StarTalk Radio
StarTalk Radio
Oct 23, 2020
Baseball Physics, with Bill Nye
56 min

Bats, gloves, home runs, and… physics? Neil deGrasse Tyson explores the physics of baseball with Bill Nye the Science Guy, co-host Gary O’Reilly, and DJ Price, assistant coach at Barry University.

NOTE: StarTalk+ Patrons can watch or listen to this entire episode commercial-free here: https://www.startalkradio.net/show/baseball-physics-with-bill-nye/

Photo Credit: Keith Allison from Hanover, MD, USA / CC BY-SA (https://creativecommons.org/licenses/by-sa/2.0)

See omnystudio.com/listener for privacy information.

GrowCast
GrowCast
Jordan River
Grow Tips, Time Released Nutrients, SoCal Growing, and More, with Poetry of Plants
Long time talented cultivator Poetry of Plants finally joins the program for an episode about his journey, and what his garden has evolved into over the years! Poetry talks about his personal grow story, and describes the California grow scene that he came up in- as well as how it has changed and evolved over the years. He talks about balancing his other passions with growing, and emphasizes that growing is a life long journey that can weave in and out of your life path. He goes on to talk about some of his favorite products over his career, and has some amazing things to say about the new time release nutrients he is working with from Beanstalk Ag. Jordan shares some of his grow struggles and Poetry gives him some on air consultation, highlighting the finer points of climate control in a modern home grow setup. Be sure to follow @poetryofplants on IG where he shares his amazing work! ---Shane and MIGRO LEDs are offering GC listeners 5% off for a limited time at www.migrolight.com - use code growcast to save 5% and 5 code users will also win a FREE UVB supplement light! Upgrade your lights today at www.migrolight.com --- ---Remo Nutrients are top of the line nutrients made in British Columbia, PERFECT for you hydro growers! Find out more at www.remonutrients.com and pick them up in your local hydro store! Also, subscribe to UrbanRemo on YouTube for more cannabis content!--- ---New GROW TENTS at www.acinfinity.com use promo code growcast15 for 15% off the BEST grow fans in the game, and now high quality tents too!---
46 min
Science Friday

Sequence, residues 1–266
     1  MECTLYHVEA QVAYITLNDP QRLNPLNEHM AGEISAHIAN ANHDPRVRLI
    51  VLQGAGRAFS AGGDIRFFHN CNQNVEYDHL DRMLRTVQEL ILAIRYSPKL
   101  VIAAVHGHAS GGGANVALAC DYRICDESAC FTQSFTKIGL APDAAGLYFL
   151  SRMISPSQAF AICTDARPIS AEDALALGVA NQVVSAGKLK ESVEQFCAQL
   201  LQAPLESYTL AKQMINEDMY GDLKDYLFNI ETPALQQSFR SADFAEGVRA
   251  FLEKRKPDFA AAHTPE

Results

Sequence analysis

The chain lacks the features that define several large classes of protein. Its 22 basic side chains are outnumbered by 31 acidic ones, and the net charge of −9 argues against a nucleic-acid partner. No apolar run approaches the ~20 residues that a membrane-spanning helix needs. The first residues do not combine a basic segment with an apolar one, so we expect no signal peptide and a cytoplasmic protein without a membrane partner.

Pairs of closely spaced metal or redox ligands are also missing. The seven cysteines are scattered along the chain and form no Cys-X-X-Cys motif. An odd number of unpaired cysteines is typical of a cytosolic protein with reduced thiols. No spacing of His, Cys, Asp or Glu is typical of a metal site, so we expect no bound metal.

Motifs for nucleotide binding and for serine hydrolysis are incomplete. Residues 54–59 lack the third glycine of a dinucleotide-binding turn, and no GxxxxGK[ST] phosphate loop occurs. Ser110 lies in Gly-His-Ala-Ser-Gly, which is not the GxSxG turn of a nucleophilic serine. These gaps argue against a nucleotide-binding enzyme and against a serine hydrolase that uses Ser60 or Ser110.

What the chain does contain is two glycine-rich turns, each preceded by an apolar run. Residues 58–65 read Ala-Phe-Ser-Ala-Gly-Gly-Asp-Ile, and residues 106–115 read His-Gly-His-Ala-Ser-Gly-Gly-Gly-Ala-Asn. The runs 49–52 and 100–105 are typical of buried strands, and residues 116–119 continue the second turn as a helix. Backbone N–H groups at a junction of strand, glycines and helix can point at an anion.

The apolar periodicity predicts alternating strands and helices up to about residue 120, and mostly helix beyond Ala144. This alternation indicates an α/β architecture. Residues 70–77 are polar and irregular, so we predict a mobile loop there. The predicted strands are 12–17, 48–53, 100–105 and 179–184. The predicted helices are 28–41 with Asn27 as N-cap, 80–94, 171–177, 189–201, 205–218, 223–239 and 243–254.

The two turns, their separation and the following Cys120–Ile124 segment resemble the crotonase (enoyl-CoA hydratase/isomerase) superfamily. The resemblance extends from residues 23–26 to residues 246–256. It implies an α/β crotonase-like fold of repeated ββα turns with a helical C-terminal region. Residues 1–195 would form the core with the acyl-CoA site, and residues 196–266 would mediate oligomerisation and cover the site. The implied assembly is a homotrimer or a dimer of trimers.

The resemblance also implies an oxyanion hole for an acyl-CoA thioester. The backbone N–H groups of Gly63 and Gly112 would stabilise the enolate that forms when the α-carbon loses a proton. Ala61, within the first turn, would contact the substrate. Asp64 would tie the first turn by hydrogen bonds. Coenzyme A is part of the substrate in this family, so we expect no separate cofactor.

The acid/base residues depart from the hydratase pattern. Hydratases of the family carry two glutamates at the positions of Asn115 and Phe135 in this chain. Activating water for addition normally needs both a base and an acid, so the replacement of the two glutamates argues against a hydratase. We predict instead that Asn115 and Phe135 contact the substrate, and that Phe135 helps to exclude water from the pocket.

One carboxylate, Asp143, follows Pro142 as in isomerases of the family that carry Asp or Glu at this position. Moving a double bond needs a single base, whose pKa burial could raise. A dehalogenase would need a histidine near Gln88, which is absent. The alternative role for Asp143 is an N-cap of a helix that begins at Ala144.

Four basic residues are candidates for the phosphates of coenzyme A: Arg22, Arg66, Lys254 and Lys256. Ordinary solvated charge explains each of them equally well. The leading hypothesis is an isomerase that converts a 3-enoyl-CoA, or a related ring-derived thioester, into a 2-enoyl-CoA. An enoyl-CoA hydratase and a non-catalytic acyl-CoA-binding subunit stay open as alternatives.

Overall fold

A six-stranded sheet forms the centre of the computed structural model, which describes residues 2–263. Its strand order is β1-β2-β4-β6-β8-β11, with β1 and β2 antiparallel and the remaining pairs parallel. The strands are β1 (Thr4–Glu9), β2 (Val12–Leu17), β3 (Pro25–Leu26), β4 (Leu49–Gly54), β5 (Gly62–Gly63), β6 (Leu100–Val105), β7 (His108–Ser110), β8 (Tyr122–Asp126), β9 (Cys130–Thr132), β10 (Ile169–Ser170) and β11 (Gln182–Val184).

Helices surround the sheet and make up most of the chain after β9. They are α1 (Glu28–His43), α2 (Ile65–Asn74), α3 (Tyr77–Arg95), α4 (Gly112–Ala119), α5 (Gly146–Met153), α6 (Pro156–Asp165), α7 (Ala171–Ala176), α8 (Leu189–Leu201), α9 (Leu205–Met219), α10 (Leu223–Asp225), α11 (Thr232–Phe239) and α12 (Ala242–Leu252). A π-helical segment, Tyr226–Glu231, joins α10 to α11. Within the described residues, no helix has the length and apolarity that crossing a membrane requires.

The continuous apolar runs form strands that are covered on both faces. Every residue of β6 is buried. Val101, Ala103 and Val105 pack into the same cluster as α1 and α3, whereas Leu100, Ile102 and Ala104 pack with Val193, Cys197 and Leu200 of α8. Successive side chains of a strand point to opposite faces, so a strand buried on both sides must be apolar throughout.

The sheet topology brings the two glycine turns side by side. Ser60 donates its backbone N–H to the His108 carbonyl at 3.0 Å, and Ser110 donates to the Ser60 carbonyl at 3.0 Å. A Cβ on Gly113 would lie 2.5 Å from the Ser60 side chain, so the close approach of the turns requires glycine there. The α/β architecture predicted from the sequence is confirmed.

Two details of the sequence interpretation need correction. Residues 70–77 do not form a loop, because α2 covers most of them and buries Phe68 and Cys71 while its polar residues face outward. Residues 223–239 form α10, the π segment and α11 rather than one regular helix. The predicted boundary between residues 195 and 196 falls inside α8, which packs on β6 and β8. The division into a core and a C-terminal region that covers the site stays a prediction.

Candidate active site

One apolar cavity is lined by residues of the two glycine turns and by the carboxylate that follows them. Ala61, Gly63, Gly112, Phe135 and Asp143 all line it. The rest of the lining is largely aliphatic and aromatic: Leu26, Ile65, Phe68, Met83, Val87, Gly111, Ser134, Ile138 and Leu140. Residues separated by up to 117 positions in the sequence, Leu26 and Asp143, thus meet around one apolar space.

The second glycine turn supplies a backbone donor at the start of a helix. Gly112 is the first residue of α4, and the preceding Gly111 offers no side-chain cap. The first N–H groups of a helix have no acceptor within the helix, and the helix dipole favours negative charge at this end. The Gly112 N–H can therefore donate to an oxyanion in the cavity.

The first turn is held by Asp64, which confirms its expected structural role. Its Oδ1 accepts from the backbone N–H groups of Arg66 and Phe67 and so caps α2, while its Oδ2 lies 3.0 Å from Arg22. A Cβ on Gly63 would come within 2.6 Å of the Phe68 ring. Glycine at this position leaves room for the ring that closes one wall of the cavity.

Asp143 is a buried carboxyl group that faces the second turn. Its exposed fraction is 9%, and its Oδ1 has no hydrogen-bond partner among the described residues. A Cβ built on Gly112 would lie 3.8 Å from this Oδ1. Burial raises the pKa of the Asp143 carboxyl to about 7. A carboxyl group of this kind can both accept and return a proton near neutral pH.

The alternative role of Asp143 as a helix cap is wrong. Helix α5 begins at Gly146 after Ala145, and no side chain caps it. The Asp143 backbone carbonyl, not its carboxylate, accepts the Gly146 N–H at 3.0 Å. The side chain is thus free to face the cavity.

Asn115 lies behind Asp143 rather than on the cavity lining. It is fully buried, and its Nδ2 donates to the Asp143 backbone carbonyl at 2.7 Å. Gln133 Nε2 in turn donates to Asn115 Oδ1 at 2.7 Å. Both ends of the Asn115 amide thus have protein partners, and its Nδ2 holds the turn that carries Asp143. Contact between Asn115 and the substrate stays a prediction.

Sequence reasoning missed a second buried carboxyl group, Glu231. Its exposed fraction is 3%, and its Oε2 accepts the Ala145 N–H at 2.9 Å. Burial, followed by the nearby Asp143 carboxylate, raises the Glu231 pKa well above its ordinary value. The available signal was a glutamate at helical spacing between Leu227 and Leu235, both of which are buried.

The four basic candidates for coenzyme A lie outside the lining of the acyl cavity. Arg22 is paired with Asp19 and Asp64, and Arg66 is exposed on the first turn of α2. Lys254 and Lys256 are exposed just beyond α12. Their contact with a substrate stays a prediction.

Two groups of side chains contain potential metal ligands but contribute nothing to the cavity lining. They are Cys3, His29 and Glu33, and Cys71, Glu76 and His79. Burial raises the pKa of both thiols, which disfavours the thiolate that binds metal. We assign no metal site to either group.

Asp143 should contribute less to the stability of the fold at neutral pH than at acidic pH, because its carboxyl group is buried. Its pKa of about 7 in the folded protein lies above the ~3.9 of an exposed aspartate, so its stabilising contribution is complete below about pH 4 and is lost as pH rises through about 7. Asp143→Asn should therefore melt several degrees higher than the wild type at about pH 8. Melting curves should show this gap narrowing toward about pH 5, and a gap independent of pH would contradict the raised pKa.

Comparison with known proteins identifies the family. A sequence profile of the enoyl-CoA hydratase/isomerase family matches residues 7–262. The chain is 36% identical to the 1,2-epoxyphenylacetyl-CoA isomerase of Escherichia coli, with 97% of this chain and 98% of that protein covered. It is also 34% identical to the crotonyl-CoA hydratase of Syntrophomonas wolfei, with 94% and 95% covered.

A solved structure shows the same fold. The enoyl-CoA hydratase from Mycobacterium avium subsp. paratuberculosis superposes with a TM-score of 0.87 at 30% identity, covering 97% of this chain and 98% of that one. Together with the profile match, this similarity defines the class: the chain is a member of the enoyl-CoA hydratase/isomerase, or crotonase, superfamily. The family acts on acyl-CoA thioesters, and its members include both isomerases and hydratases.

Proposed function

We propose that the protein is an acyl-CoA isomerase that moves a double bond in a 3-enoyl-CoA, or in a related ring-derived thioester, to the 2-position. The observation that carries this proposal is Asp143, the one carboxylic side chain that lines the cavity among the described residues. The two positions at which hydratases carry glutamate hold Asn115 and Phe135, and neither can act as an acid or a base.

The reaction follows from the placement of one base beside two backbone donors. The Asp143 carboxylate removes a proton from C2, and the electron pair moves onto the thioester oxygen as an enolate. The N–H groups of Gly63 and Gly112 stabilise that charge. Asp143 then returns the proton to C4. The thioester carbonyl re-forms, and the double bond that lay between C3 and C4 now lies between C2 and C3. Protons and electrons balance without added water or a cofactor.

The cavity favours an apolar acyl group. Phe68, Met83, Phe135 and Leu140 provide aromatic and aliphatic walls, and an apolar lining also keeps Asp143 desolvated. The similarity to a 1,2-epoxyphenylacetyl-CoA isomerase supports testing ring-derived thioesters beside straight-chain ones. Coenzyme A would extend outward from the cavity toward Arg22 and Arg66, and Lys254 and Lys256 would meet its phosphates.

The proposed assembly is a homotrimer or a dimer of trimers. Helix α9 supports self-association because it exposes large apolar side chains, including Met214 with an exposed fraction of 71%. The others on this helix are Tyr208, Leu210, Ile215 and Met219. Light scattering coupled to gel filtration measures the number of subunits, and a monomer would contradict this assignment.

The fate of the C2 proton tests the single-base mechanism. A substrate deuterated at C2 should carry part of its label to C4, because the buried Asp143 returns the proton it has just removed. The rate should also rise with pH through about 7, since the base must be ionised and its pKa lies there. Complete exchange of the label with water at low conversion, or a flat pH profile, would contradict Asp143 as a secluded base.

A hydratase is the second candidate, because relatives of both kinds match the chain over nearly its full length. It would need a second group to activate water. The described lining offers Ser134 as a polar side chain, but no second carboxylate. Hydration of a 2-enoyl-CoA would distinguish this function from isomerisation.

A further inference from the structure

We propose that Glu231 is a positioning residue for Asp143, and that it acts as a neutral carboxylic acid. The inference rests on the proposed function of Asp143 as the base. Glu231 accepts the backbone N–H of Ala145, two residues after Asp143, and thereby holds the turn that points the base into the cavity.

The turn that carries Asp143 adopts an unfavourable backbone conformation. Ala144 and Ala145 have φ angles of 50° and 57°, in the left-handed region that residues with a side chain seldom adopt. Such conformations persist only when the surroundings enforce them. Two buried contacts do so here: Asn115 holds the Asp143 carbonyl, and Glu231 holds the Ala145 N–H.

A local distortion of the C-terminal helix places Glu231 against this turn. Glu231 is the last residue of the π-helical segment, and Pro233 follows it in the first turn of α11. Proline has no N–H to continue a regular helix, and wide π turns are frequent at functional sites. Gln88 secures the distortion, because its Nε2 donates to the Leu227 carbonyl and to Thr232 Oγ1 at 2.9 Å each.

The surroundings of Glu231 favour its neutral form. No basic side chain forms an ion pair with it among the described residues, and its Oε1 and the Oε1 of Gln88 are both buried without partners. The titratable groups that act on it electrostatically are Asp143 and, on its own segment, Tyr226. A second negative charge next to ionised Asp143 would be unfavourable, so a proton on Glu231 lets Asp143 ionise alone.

Science Friday
Science Friday and WNYC Studios
Ig Nobel Prizes, Koji Alchemy. Nov 27, 2020, Part 2
Laugh Along At Home With The Ig Nobel Awards We know traditions are different this year. Maybe you’re having a small family dinner instead of a huge gathering. Maybe you’re just hopping on a video call instead of going over the river and through the woods. At Science Friday, our holiday tradition of broadcasting highlights from the annual Ig Nobel Awards ceremony is different this year too. Rather than being recorded live in front of a cheering crowd at Harvard’s Sanders Theater, the ceremony was virtual this year. But one thing remains the same—awards went to a bunch of genuine scientists for research that first makes you laugh, then makes you think. This year marks the ceremony’s 30th anniversary. Marc Abrahams, editor of the science humor magazine Annals of Improbable Research and master of ceremonies for the awards, joins Ira to talk about Ig Nobel history, and to share highlights from this year’s winners. Koji: The Mold You Want In Your Kitchen When chef Jeremy Umansky grows a batch of Aspergillus oryzae, a cultured mold also known as koji, in a tray of rice, he says he’s “bewitched” by its fluffy white texture and tantalizing floral smells. When professional mechanical engineer and koji hobbyist Rich Shih thinks about the versatility of koji, from traditional Japanese sake to cured meats, he says, “It blows my mind.” Koji-inoculated starches are crucial in centuries-old Asian foods like soy sauce and miso—and, now, inspiring new and creative twists from modern culinary minds. And Shih and Umansky, the two food fanatics, have written a new book describing the near-magical workings of the fungus, which, like other molds, uses enzymes to break starches, fats, and proteins down into food for itself. It just so happens that, in the process, it’s making our food tastier. You can grow koji on grains, vegetables, and other starchy foods, and make sauces, pastes, alcohols, and vinegars. Even cure meats. Umansky and Shih say the possibilities are endless—and they have the koji pastrami and umami popcorn to prove it. Plus, Urmansky and Shih share some of their favorite koji-inspired holiday dishes and leftover recipes—from turkey amino spreads to cranberry sauce amazake to soy sauce-infused whipped cream. Read more on Science Friday!
47 min
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